A walk through the gardens of Versailles to know its fantastic history

A walk through the gardens of Versailles to know its fantastic history

There is no doubt that Versailles has one of the most impressive gardens in the world. Some may like it more and others less, maybe you don’t think it’s the most beautiful green set on the planet; but its extension, the number of elements that house and the impeccable order of all its vegetal structure, are absolutely majestic. Versailles is an immense domain, with three palaces surrounded by parks full of sculptures, fountains, temples and all the whims that a garden can have.

We took some pictures of a recent trip to talk about him. Although the photos are made with the camera of the mobile and do not have a lot of quality, they will serve to approach the place while we tell the interesting details of its fantastic history.

Before being this Baroque architectural work that we know today, with golden doors and windows, rooms full of treasures and well-kept gardens, the domains of Versailles were a humble fief surrounded by forests full of pheasants, wild boars and deer, to which Luis XIII, while still a child, went hunting with his father Henry IV, king of France.

The young Dolphin, crowned in 1610, returned a few years later to Versailles and his taste for the place grew stronger. In 1623 he decided to build a hunting lodge where to spend the night, a humble residence that had nothing to do with the palace that is now. His pleasure in the pleasures that the area offered led him to buy part of the fief and rebuild the building, which is 1934 already looked a lot like the palace we know today.

But the great protagonist of Versailles is Louis XIV, the Sun King, who assumed the role of the architect to turn the castle built by his father and the surrounding estate into the masterpiece that it is today. Lover of the outdoors and the gardens, he moved the Court to this place to have it entertained and subdued. He needed to expand the château to house more than 20,000 people and create the finest and most delicious gardens were to offer his courtiers all kinds of pleasures.

The palace garden, commissioned by André le Nôtre, was designed to exalt the myth of Apollo, which was represented with the Sun, and also identified with the sovereign. It is structured in several terraces that lead from the gardens (man-controlled nature) to the forest (free nature). On the first level are the flower beds, fully subdued, with low hedges that enclose plants with lush flowers. Two ponds reflect the grandeur of the building.

The Tapis Vert, a large green avenue that starts at the source of Latona and ends at Apollo,  constitutes the second level of the garden, less rigid than the previous one. Small perfectly arranged trees grow on both sides of the route, but with some relief. Among them, there are ponds, sculptures, colonnades, and other architectural elements. The walk ends at the gigantic fountain of Apollo, with a statue of God emerging from it to illuminate the world.

Water is the protagonist of the third and last level of the garden, a huge cross-shaped pond formed by the Grand Canal and the Petit-Canal. There were a large number of boats on the canal: a galley, a frigate, merchant ships, gondolas, and rowing boats. The Royal Fleet of Versailles served the monarch with a double purpose: small ships were used to entertain the court, and large ones to show the king’s great power.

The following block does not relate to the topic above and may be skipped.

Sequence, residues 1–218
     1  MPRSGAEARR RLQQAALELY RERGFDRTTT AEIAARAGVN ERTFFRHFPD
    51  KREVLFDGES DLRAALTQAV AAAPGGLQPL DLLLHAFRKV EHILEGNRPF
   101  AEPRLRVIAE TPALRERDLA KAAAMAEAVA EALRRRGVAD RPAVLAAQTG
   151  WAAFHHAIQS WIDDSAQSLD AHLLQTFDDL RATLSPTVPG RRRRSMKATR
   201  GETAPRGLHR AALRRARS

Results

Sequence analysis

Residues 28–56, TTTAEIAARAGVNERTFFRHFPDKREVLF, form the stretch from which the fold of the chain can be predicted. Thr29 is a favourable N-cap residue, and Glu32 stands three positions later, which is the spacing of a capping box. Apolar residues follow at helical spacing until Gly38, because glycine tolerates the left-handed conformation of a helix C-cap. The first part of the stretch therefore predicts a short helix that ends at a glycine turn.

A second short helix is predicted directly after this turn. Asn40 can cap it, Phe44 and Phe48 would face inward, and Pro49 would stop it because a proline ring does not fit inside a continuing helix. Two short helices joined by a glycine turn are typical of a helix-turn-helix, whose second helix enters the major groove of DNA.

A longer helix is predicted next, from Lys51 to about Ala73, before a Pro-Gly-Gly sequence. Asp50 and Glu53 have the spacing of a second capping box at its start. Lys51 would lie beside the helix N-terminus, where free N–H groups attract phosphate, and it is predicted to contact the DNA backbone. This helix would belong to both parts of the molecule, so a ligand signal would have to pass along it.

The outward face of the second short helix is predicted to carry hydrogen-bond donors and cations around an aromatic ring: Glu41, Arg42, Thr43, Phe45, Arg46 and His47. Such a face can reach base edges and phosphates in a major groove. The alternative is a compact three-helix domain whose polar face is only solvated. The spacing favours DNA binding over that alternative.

All this landscaped space occupied a quarter of the Royal Domain of Versailles, beyond the free forest. It was built in four stages, between 1662 and 1709. It involved works of enormous magnitude and a complex hydraulic system to store and distribute the water that plants and fountains required in large proportions.

At the death of the Sun King, his great-grandson and heir Louis XV  was only 5 years old. He was born in Versailles and there he assumed power when he reached adulthood. On the advice of his great-grandfather, the new monarch did not make large expenses in construction, but he was a great lover of botany and created a new garden, a botanical school and a greenhouse next to the Trianon. In 1762, the sovereign ordered to build a simpler palace that would allow him to spend more time near the plants. It is the well-known Petit Trianon. Here he got smallpox and died.

When ascending to the throne Louis XVI, grandson of the previous one, Versailles underwent a great transformation. The new monarch liked the style of gardening practiced by the English and tried to apply it on their land. Due to the topography, the idea of the English garden did not work out, and the French style was resumed. Many of the forests planted by the Sun King disappeared during this period.

In 1791, Louis XVI and his wife, Maria Antonieta, left Versailles (and this world shortly after) by the decision of the National Convention, the government of the new Republic. The gardens also fell out of favor, trees were cut down and some sections of the park were destroyed.

Claude Marie Richard, director of the botanical garden during those fateful days, went to the French government to beg their protection. He succeeded by arguing that the lands could serve as orchards and to plant fruit trees, something that never happened. The garden was opened to the public, but it was degraded in later years.

With the arrival of Pierre de Nolhac, director of the museum of Versailles since 1886, a new era began in the castle and its gardens. Nolhac was a passionate historian who devoted much of his life to investigating the past of that domain. His intention was to restore the appearance he had in his glory times and he succeeded. Thanks to him and to those who continued the project in the following years, Versailles is the wonder we can see today.

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